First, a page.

Oct 24, 2015

Cells of a common developmental origin regulate REM/non-REM sleep and wakefulness in mice

Science
Yu HayashiShigeyoshi Itohara

Abstract

Mammalian sleep comprises rapid eye movement (REM) sleep and non-REM (NREM) sleep. To functionally isolate from the complex mixture of neurons populating the brainstem pons those involved in switching between REM and NREM sleep, we chemogenetically manipulated neurons of a specific embryonic cell lineage in mice. We identified excitatory glutamatergic neurons that inhibit REM sleep and promote NREM sleep. These neurons shared a common developmental origin with neurons promoting wakefulness; both derived from a pool of proneural hindbrain cells expressing Atoh1 at embryonic day 10.5. We also identified inhibitory γ-aminobutyric acid-releasing neurons that act downstream to inhibit REM sleep. Artificial reduction or prolongation of REM sleep in turn affected slow-wave activity during subsequent NREM sleep, implicating REM sleep in the regulation of NREM sleep.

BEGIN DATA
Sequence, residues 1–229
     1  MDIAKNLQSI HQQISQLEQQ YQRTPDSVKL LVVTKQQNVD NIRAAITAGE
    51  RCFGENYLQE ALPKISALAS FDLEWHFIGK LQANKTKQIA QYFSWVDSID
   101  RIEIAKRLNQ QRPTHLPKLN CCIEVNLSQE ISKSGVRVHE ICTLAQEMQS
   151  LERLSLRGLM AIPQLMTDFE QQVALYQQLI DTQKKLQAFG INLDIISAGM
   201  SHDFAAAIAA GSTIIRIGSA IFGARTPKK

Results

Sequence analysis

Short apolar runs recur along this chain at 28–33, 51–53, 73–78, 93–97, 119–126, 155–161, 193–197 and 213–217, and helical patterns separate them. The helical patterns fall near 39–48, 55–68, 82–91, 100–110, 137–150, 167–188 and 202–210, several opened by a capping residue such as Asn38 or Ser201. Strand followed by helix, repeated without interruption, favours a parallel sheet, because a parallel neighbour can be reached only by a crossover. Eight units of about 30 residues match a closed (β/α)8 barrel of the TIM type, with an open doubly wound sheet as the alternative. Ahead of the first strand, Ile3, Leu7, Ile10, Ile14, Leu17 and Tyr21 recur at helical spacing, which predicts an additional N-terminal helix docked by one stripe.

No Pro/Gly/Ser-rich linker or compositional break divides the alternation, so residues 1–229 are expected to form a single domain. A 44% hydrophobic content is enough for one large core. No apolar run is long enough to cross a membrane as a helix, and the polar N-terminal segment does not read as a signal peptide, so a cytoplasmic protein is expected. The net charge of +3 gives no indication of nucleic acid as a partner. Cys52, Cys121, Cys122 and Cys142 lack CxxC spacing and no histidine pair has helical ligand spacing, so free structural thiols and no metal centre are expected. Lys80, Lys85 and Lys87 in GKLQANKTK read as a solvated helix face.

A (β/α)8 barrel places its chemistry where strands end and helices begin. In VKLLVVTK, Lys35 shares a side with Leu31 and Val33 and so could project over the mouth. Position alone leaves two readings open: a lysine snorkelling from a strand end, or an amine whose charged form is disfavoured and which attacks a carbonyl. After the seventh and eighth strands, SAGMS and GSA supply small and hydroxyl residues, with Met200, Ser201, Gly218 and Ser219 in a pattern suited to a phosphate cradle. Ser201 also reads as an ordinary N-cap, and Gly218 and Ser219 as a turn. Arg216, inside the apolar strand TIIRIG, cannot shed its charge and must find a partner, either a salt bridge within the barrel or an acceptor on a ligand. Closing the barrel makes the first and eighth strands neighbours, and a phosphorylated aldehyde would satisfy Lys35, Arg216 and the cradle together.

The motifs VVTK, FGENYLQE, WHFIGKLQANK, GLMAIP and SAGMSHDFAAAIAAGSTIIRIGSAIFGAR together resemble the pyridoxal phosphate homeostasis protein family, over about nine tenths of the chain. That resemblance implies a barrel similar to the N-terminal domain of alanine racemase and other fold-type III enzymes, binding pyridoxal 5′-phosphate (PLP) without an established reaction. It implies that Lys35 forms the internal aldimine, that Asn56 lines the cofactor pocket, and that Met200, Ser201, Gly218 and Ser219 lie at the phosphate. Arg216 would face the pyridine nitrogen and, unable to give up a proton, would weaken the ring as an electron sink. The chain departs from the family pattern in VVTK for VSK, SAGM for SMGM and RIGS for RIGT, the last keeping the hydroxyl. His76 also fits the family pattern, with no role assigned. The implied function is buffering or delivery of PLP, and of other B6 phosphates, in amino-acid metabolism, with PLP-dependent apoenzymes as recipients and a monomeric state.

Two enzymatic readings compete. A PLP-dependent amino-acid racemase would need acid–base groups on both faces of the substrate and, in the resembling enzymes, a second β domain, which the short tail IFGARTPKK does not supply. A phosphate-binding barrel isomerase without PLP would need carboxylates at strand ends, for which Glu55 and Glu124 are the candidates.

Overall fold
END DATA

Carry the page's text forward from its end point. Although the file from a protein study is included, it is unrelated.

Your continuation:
Mentioned in this Paper

Embryo
Entire Brainstem
ATOH1 protein, human
REM1
Regulation of Biological Process
Sleep, Slow-Wave
Neurons
Atoh1
Hindbrain
Gammalon

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